Former Secretary Of State Hillary Clinton Took Security Risk With Custom Email Server, Partners Say

Technology solution providers told CRN Friday that Hillary Clinton, during her four-year tenure as Secretary of State under the Obama administration, jeopardized the security of her emails by hosting them on a private server.

"There's no security reason to do this," David Felton, owner of Canaan Technology in Norwalk, Conn., told CRN. "Absolutely none."

Most channel partners CRN spoke with said the best thing Clinton could have done, from an IT security standpoint, is to use an official government email account. But Clinton did not, opting instead to exclusively use a personal email account for all official interactions during her 2009 to 2013 tenure as U.S. Secretary of State, The New York Times reported Monday.

[RELATED: Hillary Clinton: U.S. Government Needs To Rethink Surveillance Policies]

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Unlike politicians such as Mitt Romney or Sarah Palin – who conducted official business using free email services operated by Microsoft and Yahoo – Clinton's emails landed at a server registered to her family's home in Chappaqua, N.Y., which was physically located in the area, the Associated Press first reported Wednesday.

While the move afforded Clinton greater privacy -- government officials would be unable to access her email for any reason without her consent -- channel partners said it also compromised her ability to prevent or respond to a breach.

"On the surface, the government should have a much more secure system because they have the resources," Felton said.

Although it remains unclear what – if any – security measures Clinton took to protect communications on her private email server, Felton said the servers run by the federal government offer key security advantages.

Most notably, Felton said authorities would have a much better chance of finding and prosecuting someone who hacked into a federal government server than someone who hacked into Clinton's private server. That's because federal employees are provided with many additional resources to determine the origin and severity of a break-in, he said.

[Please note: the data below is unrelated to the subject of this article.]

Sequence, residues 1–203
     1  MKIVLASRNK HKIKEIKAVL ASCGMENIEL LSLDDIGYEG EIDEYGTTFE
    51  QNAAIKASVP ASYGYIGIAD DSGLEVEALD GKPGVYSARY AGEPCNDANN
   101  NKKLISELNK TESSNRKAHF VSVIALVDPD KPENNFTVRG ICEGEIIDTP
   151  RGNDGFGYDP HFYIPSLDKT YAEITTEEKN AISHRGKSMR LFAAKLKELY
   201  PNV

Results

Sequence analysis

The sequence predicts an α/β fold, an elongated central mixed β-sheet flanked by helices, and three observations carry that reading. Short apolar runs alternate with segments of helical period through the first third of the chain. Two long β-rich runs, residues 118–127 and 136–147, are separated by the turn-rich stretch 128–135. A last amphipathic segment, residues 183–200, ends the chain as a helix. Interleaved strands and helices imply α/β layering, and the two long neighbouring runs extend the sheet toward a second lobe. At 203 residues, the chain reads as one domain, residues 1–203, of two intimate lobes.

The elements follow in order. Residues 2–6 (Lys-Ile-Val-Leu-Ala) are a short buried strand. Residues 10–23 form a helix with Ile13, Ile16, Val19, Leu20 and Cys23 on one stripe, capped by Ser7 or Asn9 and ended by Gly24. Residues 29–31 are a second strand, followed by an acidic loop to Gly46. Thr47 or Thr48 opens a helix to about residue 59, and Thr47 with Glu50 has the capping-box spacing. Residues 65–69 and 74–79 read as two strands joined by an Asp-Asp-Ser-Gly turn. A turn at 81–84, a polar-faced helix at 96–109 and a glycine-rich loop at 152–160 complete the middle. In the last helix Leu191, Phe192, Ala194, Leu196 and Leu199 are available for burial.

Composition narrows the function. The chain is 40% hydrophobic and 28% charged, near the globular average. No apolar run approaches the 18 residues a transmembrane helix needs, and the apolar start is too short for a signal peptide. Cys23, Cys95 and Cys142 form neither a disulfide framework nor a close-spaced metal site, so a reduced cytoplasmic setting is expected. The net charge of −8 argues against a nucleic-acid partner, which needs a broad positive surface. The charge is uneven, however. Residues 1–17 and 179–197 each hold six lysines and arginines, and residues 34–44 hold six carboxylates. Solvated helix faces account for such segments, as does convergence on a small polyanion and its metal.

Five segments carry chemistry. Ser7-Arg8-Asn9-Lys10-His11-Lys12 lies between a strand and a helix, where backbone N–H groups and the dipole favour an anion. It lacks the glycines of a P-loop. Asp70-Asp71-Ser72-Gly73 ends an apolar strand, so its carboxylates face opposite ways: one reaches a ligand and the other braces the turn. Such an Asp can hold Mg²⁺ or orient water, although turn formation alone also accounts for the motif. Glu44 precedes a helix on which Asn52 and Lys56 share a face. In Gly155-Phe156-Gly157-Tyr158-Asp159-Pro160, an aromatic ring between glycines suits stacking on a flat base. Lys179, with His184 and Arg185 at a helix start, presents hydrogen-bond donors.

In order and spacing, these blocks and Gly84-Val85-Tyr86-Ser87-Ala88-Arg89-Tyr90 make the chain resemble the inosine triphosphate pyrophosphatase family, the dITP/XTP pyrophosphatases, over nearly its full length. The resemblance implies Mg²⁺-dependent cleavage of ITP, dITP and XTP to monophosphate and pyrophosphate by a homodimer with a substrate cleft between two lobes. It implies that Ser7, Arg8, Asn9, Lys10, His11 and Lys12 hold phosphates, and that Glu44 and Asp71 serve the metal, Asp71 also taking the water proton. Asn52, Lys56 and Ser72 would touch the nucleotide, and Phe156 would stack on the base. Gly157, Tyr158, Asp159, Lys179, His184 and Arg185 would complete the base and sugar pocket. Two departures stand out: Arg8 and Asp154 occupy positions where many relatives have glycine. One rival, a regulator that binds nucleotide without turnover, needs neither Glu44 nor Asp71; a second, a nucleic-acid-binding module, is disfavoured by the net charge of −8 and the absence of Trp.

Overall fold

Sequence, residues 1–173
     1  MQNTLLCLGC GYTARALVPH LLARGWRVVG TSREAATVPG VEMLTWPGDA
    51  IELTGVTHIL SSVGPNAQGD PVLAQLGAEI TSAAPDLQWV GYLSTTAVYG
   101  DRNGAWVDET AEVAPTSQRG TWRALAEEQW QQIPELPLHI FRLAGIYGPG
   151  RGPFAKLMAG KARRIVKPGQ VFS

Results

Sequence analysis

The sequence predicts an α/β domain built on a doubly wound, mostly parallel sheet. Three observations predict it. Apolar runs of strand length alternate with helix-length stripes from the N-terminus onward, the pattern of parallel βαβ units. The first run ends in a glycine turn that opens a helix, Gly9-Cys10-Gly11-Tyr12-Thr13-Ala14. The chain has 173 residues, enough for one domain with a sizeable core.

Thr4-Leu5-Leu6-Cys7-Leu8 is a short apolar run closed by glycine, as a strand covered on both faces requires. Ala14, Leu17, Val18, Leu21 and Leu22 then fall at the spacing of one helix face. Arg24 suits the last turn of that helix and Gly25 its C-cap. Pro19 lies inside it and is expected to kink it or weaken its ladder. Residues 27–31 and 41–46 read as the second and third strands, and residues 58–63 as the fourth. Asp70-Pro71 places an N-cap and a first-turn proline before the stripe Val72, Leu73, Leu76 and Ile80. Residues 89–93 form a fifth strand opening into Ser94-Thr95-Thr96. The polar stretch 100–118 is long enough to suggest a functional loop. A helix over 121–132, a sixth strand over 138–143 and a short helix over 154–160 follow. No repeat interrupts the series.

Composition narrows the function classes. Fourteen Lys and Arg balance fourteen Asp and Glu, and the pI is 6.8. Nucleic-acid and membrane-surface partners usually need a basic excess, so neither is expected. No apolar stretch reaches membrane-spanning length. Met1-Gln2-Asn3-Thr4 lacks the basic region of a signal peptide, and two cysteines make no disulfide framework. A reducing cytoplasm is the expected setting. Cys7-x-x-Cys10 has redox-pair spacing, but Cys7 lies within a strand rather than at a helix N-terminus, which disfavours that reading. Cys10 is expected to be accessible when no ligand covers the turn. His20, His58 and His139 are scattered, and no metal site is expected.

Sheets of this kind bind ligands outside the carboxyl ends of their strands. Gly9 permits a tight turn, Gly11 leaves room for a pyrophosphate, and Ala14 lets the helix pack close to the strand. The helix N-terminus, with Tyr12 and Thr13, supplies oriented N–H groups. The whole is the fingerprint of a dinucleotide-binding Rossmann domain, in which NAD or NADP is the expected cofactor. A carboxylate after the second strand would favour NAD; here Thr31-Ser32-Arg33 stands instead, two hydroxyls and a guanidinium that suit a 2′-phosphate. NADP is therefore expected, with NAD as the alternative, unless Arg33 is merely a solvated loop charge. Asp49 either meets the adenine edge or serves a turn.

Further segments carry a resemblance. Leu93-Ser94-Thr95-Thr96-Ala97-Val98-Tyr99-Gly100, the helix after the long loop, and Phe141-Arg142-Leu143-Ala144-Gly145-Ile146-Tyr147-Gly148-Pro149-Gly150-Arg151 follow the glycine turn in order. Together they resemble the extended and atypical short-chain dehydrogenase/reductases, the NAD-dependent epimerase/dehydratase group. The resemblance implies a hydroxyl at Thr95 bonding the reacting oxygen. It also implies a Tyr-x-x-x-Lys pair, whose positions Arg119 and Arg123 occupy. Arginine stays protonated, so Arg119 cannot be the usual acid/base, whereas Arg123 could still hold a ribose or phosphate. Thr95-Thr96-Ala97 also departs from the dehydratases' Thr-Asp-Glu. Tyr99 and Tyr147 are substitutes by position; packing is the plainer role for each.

"I would always choose a government-run email system over a civilian-run one," Felton said. "You don't run a mail server out of your house when you have the ability to run it by someone much better and more securely."

An email server also requires constant monitoring to ensure that every door to the system remains locked. Unless Clinton kept full-time IT staff at her home, Felton said the manpower required for continuous security would have proved formidable.

Government email systems have security and encryption features that are extremely rare to find on a private server, according to Sam Heard, owner of Data Integrity Services in Lakeland, Fla.

Lou Person, founder and president of New York-based brightstack, said Clinton's use of a personal email account goes against best practices in the corporate world, particularly for industries with strict compliance standards such as finance and health care.

"It's a dangerous practice," Person said.

Canaan Technologies installs and maintains homebrew email systems akin to the one Clinton is said to have run, and Felton said most of the installation requests come from small business owners or wealthier individuals who've been hacked on a consumer service such as Gmail. He hsaid he has never once had a public sector employee ask to conduct official business on a homebrew system.

Still, Felton said a homebrew server is likely more secure than a free email service since the IT service provider that installed and maintains the system has skin in the game. But that accountability isn't there with Google, Yahoo or Hotmail, Felton said since no money was exchanged and they're dealing with millions of accounts at once.

Heard disagreed, saying private email systems typically lack passwords or encryption and usually have security more on par with a Gmail or MSN.

Person urged companies to learn a lesson from the Clinton controversy and strengthen their corporate policies around device management and email to prevent something like this from happening in their workplace. He said businesses should also review the mobile device management offerings on the market today to ensure the technology they're employing is up to date.

"Companies should follow best practices and train their folks on the right way to use email," he said.

Sarah Kuranda contributed to this article